Your brand performance metrics are in! You are rated highest in terms of being innovative and offering good quality products. Lowest ratings are among trust and being an industry leader.
There. Now, it’s time to turn this into action and work on those low performers, right?
Determining brand performance is all well and good but one of the critical pieces often missing is the relative importance of each of these metrics. In this example how else do you know that improving on your reputation as an industry leader is going to directly impact your bottom line unless you know that it is important when making a purchase decision? You can be perceived as being very innovative but if innovation doesn’t influence purchase decisions as greatly as say customer service, your resources could be better spent ensuring that customer service maintains higher levels of satisfaction.
Asking both importance and performance in a brand assessment is one of the most effective approaches to determining what improvements can be made to your brand.
In order to make comparisons from importance and performance metrics, the form of how the question is asked is critical and both questions must use a similar structure. Typically, we use a 1 to 5 Likert scale to measure both importance and performance. We also use the exact same brand metrics in each question.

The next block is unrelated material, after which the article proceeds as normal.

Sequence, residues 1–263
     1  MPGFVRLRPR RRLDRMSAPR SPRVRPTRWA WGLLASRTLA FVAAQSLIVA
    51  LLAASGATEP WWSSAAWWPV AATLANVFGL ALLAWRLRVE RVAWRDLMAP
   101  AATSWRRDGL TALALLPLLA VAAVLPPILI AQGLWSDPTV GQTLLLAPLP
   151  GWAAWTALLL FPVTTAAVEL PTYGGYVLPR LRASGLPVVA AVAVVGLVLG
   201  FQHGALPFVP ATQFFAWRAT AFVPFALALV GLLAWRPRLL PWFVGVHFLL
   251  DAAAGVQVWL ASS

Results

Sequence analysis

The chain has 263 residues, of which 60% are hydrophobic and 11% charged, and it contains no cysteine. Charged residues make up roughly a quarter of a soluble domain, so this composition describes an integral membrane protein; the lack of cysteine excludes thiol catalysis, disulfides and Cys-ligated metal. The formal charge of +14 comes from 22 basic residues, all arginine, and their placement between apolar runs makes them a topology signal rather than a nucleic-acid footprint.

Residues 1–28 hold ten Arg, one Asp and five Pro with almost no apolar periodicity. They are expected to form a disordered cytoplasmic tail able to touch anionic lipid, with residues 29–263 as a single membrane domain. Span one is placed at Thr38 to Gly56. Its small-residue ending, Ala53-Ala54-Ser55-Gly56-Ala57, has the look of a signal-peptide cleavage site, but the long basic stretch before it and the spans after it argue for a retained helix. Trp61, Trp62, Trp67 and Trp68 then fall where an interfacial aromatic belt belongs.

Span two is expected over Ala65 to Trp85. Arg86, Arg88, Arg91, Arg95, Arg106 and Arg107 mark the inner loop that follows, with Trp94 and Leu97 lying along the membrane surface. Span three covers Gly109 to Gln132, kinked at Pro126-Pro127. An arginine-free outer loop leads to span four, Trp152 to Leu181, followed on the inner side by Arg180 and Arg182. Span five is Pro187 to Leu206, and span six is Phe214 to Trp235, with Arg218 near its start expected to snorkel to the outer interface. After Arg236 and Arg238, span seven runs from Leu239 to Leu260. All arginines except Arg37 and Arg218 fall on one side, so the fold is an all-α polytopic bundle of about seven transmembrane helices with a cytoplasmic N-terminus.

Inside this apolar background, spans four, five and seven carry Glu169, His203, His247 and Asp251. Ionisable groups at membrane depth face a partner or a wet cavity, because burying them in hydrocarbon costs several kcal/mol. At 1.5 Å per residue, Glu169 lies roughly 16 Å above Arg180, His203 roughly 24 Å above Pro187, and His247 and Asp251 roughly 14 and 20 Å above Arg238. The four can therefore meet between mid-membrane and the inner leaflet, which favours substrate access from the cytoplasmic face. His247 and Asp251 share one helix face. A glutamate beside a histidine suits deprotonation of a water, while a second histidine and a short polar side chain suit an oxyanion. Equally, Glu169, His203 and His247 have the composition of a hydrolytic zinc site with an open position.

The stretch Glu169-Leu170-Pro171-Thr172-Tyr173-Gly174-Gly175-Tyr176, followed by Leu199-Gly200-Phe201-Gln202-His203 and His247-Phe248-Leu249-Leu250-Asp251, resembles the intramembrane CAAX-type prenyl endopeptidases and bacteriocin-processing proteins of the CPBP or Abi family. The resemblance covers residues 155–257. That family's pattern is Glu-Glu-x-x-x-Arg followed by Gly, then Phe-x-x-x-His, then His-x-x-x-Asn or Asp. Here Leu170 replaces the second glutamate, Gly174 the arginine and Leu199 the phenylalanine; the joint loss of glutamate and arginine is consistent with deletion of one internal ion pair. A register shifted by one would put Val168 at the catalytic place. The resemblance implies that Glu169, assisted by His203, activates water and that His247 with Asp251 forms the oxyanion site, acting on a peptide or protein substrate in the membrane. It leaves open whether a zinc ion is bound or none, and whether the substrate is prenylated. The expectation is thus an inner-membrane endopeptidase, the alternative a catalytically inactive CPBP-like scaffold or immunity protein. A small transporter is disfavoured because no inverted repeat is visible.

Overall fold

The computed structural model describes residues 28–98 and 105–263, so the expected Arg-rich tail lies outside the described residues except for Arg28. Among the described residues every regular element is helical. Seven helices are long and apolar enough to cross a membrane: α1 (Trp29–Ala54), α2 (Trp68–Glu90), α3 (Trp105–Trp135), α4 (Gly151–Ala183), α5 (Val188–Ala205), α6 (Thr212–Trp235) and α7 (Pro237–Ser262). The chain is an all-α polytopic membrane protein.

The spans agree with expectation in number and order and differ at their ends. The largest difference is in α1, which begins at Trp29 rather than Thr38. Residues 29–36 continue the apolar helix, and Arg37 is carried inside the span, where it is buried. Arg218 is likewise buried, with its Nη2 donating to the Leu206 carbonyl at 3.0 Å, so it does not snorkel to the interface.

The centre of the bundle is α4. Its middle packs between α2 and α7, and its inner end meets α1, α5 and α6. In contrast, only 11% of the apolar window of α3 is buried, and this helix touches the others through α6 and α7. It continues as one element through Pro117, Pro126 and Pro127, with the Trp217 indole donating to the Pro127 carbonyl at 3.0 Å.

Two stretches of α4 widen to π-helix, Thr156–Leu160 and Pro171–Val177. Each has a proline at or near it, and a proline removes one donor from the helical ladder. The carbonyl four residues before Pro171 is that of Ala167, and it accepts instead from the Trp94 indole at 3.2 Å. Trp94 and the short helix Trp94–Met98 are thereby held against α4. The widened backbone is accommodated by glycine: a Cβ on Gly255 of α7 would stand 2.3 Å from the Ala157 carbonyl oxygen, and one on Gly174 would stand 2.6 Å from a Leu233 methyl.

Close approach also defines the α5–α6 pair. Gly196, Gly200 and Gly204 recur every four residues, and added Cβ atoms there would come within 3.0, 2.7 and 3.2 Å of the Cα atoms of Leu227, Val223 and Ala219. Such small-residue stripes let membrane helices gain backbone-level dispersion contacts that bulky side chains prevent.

The performance question should have the exact row attributes as the importance question with modified question text and a redefined 5-point scale.
Now, that’s better. When we look at performance in relation to importance, we can immediately see that even though the brand was rated highest on being innovative, it is also seen as being the least important brand attribute. Looking further, we can see that while the brand is meeting expectations in terms of industry leadership, it is also under-performing on the 3 most important brand attributes (customer service, product quality, and brand trust).
Without asking about importance of these attributes, one might assume that industry leadership and brand trust were the top priorities in terms of improvement, but in the context of what is important, priorities are now customer service and product quality.
A lot can change with a little bit of insight. This question structure has been critical for understanding hundreds of brands I have worked with over the years, and I hope this survey tip will help you with your research objectives!